There are an estimated 136,000 people living on conditions of modern slavery in the United Kingdom (Global Slavery Index 2018). According to the 2017 annual figures provided by the National Crime Agency, 5, 145 potential victims of modern slavery were referred through the National Referral Mechanism in 2017, of whom 2,454 were female, 2688 were male and 3 were transgender, with 41% of all referrals being children at the time of exploitation. People are subjected to slavery in the UK in the form of domestic servitude, labour exploitation, organ harvesting and sexual exploitation, with the largest number of potential victims originating from Albania, China, Vietnam and Nigeria. This data however does not consider the unknown numbers of victims that are not reported.
In 2017, Rudolph, age 52, went to Derby in the UK from the Czech Republic on the promise of work. But instead, he became a victim of human trafficking and forced labour. Miroslav Bily, the man who made him work for nothing, has been jailed for 45 months.
In a nutshell, while I was working for him [Bily], we had to work from 9am to 7pm. We had to go to work every single day except Sundays. When we refused, he said we had to because he needed more people. It seemed he knew a lot of people around Derby who could do the work. When he showed me to my room, I could see that the room was unfurnished, with just three or four mattresses. There were three of us altogether. One of us had a perfect room in my view, because it was furnished. The other two, we had to live in rooms where there was just these mattresses. The whole place was dirty.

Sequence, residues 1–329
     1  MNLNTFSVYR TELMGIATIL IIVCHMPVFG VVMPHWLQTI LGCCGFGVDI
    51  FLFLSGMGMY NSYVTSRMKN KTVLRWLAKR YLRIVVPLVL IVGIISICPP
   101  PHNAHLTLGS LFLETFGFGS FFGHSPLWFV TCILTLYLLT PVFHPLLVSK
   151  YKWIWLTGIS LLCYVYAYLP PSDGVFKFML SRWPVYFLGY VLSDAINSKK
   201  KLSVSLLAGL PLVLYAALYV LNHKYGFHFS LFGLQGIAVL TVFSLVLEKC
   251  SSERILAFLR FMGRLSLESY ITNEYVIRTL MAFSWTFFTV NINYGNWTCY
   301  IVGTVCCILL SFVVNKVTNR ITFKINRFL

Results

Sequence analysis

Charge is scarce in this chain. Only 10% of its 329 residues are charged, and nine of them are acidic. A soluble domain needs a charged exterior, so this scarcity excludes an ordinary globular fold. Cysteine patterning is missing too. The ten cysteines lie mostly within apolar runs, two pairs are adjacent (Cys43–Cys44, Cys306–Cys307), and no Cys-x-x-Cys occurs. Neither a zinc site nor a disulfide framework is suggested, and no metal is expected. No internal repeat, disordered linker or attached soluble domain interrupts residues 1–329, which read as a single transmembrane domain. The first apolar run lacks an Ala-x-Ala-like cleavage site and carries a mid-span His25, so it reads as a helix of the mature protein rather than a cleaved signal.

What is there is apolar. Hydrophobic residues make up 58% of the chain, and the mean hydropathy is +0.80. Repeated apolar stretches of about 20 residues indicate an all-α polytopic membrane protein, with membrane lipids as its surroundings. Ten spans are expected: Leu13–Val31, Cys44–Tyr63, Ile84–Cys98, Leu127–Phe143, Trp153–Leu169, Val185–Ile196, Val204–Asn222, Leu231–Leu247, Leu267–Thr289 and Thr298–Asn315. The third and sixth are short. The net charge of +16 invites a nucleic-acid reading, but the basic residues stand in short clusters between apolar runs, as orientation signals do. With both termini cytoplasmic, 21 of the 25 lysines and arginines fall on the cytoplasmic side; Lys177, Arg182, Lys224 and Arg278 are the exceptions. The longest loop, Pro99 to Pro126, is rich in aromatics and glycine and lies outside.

We weren’t paid a single penny. We were getting £2 worth of tobacco every other day, £1 of salami and some bread. When I had been there for about 20 days, I asked him, ‘Where is the money I have been earning?’. He said he didn’t have any money and that we would have to wait at least another week. I became very uncomfortable about the money, so I asked him whether he had some for us. He said he didn’t have any. When I went back to work that day, I could see he was paying cash in hand to someone, so he obviously had some money.
The next day, when we were in the car being taken to work, I confronted him and asked him to pay us the money. He said he didn’t have any and I reminded him that I had seen him paying off that guy the previous day. So I asked him to stop the car, and told him I needed to go to hospital because I has back ache and pain in my legs. He told me I could not go to hospital because I was not registered. He said he could not stop the car. When I got outside the car, I started calling him names and that I would take him to the police. He in turn shouted that he has got a big family around here.
As I was walking through Derby, I was choosing all of the alleyways so that he couldn’t see me and catch me. When I was just close to A&E, I had to sit down and there was Ukrainian woman who noticed me. She asked me what was wrong with me. When the ambulance arrived, the doctor said she would call the police because she recognized the situation. When I was with the police, I felt there was no need to be afraid anymore.
In the beginning, I trusted him a lot because he offered me money. He told me I could earn good money. So, I trusted him and from that point on I was just focused on earning the money here. And I made a mistake because I trusted him.
Narrative source Youth Underground, a non-profit organization dedicated to preventing human trafficking through youth education, awareness-raising and advocacy.
Original narrative can be found here:
Part 1: https://www.facebook.com/YouthUnderground.CH/posts/2001627636539368
Part 2: https://www.facebook.com/YouthUnderground.CH/posts/2021518051216993